Morbidelli and Lüthi both improve in Thailand
Team Estrella Galicia 0,0 Marc VDS riders, Franco Morbidelli and Tom Lüthi both made significant improvements to their lap times during the second day of testing at the Chang International Circuit in Thailand.
Morbidelli was almost one second faster than yesterday, as he continued to build confidence with his Honda RC213V. The reigning Moto2 World Champion focussed today on adapting his riding style further to better suit the characteristics of the MotoGP bike, with his crew making only small changes to the suspension settings on the bike as the Italian's pace increased.
Morbidelli set his fastest time of the day on a set of used tyres but was unable to improve after switching to new slicks. This is an issue that he will work with his crew to address overnight, before trying the softer option Michelin tyres again tomorrow.
For Lüthi, who is playing catch up after missing the end of season tests through injury, the learning curve remains steep. Previously one of the most experienced riders in the intermediate class, the former 125cc World Champion is effectively having to learn a new way of riding as he adapts to the very different demands of racing a MotoGP machine.
As part of this learning process Lüthi spent the second day of the Thailand test evaluating a range of different settings on the Honda RC213V. The aim was not to find improvements but to give the MotoGP rookie a better understanding of how changes to the set up, whether physical or electronic, affect how the bike works on track.
Franco Morbidelli: 1'31.185
“Today we made a step, I had really good pace on the used tyres and I was having fun. In fact my best time came on the used tyres and, unfortunately, when I went to make the time attack my feeling wasn't great and I wasn't improving. We need to investigate why I can be fast on used tyres but I cannot be faster on new rubber. I also need to learn how to make this time attack because we can see the other guys can improve one second on a new tyre and, at the moment, I cannot and I need to understand why this is.”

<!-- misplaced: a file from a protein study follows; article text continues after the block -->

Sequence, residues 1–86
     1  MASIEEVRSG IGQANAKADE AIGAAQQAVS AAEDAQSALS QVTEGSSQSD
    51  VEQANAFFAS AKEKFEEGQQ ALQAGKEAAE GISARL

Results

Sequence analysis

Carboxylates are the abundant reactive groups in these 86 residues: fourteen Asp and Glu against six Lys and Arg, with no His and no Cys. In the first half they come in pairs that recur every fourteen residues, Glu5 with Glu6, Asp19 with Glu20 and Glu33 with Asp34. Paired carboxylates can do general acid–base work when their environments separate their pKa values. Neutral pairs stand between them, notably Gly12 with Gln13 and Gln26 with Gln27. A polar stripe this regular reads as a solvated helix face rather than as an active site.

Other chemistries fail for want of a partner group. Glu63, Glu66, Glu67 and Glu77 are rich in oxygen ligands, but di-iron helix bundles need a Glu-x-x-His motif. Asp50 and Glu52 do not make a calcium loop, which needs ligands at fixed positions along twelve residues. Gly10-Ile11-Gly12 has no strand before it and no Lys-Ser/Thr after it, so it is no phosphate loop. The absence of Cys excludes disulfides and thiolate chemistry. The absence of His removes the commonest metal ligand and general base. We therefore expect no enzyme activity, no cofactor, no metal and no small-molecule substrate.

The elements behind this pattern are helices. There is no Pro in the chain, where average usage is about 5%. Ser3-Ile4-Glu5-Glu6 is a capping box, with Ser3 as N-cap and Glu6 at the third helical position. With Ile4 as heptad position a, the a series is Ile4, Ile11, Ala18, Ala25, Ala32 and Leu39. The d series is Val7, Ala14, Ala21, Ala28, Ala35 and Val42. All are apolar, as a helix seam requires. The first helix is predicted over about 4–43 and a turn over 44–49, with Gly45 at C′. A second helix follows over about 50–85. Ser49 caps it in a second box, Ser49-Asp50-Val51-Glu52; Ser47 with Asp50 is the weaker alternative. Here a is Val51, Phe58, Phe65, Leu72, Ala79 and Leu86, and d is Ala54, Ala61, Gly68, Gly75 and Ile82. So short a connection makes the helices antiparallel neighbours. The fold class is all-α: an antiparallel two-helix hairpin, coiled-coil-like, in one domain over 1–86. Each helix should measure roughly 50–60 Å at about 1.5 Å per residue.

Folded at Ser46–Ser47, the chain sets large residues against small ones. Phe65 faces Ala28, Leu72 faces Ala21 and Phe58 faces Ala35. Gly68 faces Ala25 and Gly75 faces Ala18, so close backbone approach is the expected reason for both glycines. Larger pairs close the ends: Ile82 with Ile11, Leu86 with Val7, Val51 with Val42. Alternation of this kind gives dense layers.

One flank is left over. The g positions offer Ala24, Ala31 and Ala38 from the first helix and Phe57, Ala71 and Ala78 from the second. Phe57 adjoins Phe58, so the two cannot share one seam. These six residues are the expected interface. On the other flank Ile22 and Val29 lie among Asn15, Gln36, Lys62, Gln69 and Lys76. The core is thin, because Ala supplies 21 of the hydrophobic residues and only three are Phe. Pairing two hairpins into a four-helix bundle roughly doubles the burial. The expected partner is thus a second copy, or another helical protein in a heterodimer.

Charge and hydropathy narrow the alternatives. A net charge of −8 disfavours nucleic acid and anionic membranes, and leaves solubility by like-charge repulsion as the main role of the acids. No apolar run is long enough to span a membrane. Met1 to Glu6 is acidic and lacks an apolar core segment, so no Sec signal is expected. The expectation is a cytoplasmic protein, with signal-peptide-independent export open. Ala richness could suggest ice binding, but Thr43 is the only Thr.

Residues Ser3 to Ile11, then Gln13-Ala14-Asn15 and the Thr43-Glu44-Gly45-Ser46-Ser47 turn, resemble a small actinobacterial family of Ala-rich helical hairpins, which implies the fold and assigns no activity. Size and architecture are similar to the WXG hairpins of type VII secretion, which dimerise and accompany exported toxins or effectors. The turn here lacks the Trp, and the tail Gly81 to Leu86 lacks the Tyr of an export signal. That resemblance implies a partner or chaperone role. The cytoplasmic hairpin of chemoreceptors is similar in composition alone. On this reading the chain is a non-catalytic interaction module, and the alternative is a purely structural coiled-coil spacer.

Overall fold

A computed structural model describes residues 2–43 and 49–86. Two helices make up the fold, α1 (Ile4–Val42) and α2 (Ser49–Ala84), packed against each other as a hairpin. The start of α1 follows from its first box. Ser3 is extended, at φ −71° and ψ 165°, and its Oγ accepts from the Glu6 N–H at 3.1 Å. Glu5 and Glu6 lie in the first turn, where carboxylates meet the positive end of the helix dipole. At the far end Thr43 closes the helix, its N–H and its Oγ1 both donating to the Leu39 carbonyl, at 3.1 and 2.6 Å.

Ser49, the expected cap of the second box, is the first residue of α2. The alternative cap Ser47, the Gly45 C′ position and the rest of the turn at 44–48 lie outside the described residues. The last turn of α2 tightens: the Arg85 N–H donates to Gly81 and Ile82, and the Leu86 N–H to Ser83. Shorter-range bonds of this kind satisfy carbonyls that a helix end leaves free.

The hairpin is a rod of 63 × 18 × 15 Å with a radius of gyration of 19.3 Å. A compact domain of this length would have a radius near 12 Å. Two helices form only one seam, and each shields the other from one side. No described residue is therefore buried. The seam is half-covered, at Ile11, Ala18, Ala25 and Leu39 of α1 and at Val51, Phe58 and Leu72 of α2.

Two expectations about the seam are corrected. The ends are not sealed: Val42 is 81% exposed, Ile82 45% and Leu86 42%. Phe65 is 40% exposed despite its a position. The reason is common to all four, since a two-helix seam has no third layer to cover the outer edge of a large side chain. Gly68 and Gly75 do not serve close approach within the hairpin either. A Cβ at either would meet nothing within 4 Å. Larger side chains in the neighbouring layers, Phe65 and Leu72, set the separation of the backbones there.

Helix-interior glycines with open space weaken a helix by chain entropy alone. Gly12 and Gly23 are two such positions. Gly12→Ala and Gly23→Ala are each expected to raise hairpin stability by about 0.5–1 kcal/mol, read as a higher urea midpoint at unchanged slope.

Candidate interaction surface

Tom Lüthi: 1'31.994
“The goal today was to start with the same feeling that we had at the end of yesterday and to build on that. It was quite a positive day; I managed to follow some other riders and that was a good opportunity while I'm still working on my riding style to see how they get the bike to change direction and which lines they use through the turns. We also tried a few changes to the set up, as well as some of the different tyre options we have here, just to see how this affects the feeling with the bike. This meant we weren't making big steps forward which, as a rider, is a little bit frustrating, but looking back on the day now it was definitely positive.”
Gilles Bigot: Chief Engineer, Tom Lüthi
“The step up from Moto2 to MotoGP is a bigger one than many people realise and I think it can be even more difficult for riders like Tom, who spent so many seasons in the intermediate class. Racing a MotoGP bike is far more complex than racing a Moto2 bike, where there are far fewer variables to consider. There are no electronics; you have only two tyres to choose from and the bikes are not so powerful. MotoGP is another level; different tyres with more options, complex electronics and twice as much power, which means that whatever you do with the throttle has a much bigger impact on the bike as a whole. It's a steep learning curve and one that takes time to conquer and that's something riders moving up to the premier class need to keep in mind. Patience really is a virtue when you're a MotoGP rookie.”